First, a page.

The United Kingdom’s Competition and Markets Authority (CMA) recently published provisional findings of its investigation into Microsoft’s proposed acquisition of Activision Blizzard. With a final report set to be published in April, the regulatory body has provisionally concluded that should the deal be allowed to go through, it could potentially “harm gamers” and lead to “higher prices, fewer choices, or less innovation”.
However, according to industry analysts Nick McKay and Michael Pachter of Wedbush Securities (via GamesIndustry), the CMA’s report is a “signal” that it “knows it has a losing legal argument”. As per the analysts, like the US’ FTC – which has filed an antitrust lawsuit to oppose the acquisition – the CMA “accelerated its formal objection to the deal and proposed remedies in order to step in front of the FTC and gain bragging rights”.
“We read today’s release as a signal that the UK knows it has a losing legal argument,” the analysts said. “In our view, the FTC figured this out late last year, and rushed to file suit to block the merger in the hopes of being first to extract concessions from Microsoft. We believe that the CMA reached the same conclusion during its review, and accelerated its formal objection to the deal and proposed remedies in order to step in front of the FTC and gain bragging rights.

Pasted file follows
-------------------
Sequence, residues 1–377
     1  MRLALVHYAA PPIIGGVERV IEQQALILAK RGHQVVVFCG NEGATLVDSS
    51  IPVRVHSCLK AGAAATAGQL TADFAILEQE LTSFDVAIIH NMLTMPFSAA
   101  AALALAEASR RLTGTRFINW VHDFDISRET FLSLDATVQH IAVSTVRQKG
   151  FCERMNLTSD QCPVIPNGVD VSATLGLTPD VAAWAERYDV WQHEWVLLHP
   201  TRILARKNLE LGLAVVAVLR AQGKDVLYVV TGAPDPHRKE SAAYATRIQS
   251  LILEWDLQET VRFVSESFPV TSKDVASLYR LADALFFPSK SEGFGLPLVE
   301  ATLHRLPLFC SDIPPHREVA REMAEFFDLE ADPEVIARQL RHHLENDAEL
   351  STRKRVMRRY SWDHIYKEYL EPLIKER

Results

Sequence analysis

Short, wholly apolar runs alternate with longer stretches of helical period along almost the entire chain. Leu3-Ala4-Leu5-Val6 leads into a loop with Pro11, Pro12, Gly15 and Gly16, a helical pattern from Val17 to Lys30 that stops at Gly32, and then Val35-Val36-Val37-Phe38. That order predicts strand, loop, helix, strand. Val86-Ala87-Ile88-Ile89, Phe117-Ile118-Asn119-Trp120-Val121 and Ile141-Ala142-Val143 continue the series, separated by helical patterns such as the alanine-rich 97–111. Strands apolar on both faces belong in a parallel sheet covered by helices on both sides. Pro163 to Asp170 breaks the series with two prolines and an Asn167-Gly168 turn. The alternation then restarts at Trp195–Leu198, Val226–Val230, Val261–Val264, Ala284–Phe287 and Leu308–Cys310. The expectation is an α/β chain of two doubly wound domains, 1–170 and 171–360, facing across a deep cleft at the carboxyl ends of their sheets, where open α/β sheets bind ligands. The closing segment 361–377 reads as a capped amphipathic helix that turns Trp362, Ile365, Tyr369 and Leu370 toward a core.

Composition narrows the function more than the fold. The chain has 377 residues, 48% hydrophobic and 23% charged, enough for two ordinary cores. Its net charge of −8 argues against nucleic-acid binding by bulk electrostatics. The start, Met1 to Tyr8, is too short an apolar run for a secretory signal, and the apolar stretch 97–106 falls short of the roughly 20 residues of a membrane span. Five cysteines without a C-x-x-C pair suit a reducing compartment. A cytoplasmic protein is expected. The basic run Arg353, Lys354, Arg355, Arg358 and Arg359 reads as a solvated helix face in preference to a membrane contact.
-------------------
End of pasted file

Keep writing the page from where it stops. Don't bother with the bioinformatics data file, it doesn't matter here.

“The FTC has as yet to offer proposed remedies, and the CMA, by listing onerous structural remedies, has positioned itself to be the ‘dragon slayer’ in this action.”
The analysts expect Microsoft to agree to behavioural remedies in order for the deal to be approved, which could include committing to keeping Call of Duty games on all platforms for a certain period. The company has already
Finally, the analysts have also said that the acquisition is likely to be closed by the middle of May.
In addition to the FTC and the CMA, the Xbox-Activision deal is also being scrutinized by the EU, with the European Commission recently having issued an antitrust warning regarding the same.